Shipbuilders, for example, cannot “give solutions to the various matters of safety that arise during construction” and class societies “don’t have rules to govern LPG as a fuel in an LPG carrier”, although “they may have rules for other types of vessels.” To compensate, Latsco is using the IGC code, although this provides only “a minimum of the requirements,” he said.
I have approached DNV GL for clarification of those remarks, bearing in mind Mr Chryssakis commenbts above and because the class society published class rules for LPG-fuelled vessels in July 2019.
There is also the cost. Latsco is developing an Aframax LPG-fuelled vessel but it estimates the cost could be $12M more than for a conventional vessel. “We have made some good progress to reduce the capital costs” Mr Vlachos said, “but we need the support of charterers” to change the commercial arrangements to be able to use part of the cargo as a fuel.
Methanol: quality, yes. But quantity?
And finally, methanol. The largest operator of methanol-fuelled vessels is Waterfront Shipping, a subsidiary of the methanol producer Methanex. Ayça Yalcin, director of market development for Methanex in the EMEA region, ran through its benefits – it is a clean burning low emission marine fuel that biodegrades rapidly in water; ships using it meet IMO’s SOx and particulate matter emissions regulations and, by blending in water, second generation vessels can meet Tier 3 NOx emission limits.
But is there enough of it for widespread marine use? Not at the moment and its deployment to ports worldwide has been delayed because of the COVID-related delays to IMO’s meeting schedule. It is also a widely used raw material for many industrial processes; “methanol is an essential ingredient of modern life,” Ms Yalcin said. “when you look around you, there’s very little that doesn’t have methanol in it.”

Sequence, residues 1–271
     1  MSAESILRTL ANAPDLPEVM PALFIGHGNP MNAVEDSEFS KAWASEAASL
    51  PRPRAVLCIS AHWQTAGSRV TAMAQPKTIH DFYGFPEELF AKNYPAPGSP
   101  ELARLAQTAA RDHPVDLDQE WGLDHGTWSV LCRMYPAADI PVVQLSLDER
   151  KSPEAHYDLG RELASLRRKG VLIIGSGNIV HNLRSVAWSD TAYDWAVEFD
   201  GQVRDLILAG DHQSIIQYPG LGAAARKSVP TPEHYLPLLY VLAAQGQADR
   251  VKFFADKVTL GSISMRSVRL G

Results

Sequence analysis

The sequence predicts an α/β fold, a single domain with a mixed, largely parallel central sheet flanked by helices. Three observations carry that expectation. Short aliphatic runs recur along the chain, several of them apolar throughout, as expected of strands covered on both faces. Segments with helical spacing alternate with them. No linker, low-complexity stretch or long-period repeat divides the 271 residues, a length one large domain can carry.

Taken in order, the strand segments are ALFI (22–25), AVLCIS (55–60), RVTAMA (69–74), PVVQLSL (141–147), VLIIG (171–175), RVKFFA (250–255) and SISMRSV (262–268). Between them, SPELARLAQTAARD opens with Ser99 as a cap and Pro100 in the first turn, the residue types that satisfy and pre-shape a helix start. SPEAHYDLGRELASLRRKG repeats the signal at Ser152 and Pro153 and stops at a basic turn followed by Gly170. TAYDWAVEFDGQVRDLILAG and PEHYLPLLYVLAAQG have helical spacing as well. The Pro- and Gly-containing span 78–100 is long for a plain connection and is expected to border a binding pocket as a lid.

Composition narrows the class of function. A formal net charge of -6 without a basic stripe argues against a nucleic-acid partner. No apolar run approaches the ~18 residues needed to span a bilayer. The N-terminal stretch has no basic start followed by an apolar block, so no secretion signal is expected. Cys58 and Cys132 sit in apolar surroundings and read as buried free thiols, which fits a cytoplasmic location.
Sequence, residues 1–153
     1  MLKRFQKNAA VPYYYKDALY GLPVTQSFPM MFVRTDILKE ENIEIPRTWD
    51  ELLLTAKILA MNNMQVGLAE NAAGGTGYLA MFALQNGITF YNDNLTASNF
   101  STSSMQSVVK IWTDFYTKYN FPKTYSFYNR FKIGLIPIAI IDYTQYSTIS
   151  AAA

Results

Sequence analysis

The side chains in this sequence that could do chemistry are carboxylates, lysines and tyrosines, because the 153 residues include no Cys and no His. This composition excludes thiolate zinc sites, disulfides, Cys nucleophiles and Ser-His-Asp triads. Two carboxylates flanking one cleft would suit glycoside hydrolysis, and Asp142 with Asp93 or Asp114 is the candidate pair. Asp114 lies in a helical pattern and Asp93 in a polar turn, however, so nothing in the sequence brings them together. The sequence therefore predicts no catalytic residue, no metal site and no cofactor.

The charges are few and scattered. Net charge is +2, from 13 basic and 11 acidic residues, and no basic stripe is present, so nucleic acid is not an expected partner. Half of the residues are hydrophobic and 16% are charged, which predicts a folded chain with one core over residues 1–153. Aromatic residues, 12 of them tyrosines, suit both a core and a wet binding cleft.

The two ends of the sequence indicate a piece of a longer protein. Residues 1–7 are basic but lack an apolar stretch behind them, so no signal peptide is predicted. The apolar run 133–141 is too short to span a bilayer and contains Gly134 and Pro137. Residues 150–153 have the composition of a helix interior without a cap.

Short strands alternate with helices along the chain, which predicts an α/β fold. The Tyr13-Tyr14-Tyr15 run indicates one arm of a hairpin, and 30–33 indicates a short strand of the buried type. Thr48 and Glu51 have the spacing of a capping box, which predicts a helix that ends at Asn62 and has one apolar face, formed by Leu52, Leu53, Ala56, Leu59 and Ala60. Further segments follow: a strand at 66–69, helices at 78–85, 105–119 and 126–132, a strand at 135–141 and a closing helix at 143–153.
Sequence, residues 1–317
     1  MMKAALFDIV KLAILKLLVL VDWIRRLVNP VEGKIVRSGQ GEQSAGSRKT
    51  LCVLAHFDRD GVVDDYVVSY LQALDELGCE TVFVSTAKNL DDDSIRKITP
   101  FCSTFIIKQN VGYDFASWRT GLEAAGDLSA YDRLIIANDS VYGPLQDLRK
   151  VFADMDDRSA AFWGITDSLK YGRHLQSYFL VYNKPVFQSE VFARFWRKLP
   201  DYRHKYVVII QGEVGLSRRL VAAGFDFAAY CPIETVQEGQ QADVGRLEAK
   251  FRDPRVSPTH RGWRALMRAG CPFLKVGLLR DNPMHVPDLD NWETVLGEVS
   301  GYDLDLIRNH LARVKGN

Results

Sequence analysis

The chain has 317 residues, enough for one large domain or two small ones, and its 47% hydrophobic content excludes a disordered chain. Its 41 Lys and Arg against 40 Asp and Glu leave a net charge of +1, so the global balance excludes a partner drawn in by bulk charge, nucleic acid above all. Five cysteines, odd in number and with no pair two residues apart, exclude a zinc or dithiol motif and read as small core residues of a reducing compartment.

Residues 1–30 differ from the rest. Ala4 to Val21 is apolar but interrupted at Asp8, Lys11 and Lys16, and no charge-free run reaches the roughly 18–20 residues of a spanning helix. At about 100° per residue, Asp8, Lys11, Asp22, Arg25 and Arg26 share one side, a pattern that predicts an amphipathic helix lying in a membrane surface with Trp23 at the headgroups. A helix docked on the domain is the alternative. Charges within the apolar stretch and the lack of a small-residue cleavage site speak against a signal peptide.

But its use as a fuel has been increasing and now accounts for about 50% of global methanol production, so I asked how quickly production could be ramped up if shipping’s demand for it became significant. “That’s the part I’m least concerned about; the methanol market always catches up with demand,” she replied. Production has increased from 58M tonnes in 2014 to 84M tonnes in 2019 and “we have a lot of … new capacity coming up,” she added.
She did not say how much of that production is green methanol, which she acknowledged is “more interesting for marine.” Mr Chryssakis echoed that point, saying that methanol is “one of the potentially very useful fuels towards 2050, as long as we can produce it as bio methanol or E methanol.”
For me, one of the most significant remarks was almost a throwaway comment by Mr Achuthanandam, of Shell. At the moment, “there are no commercially commercially-viable zero-emission fuels available,” he pointed out. But despite the need for such fuels to meet IMO’s ambitious targets, that does not put shipping at the front of the queue for them. “Considering the investments required and the other hurdles to overcome, our belief is that it is likely that the fuel that emerges as the ultimate solution for shipping will first be developed by other sectors and will then be adapted [for] the global shipping industry.”
At least we know where we stand.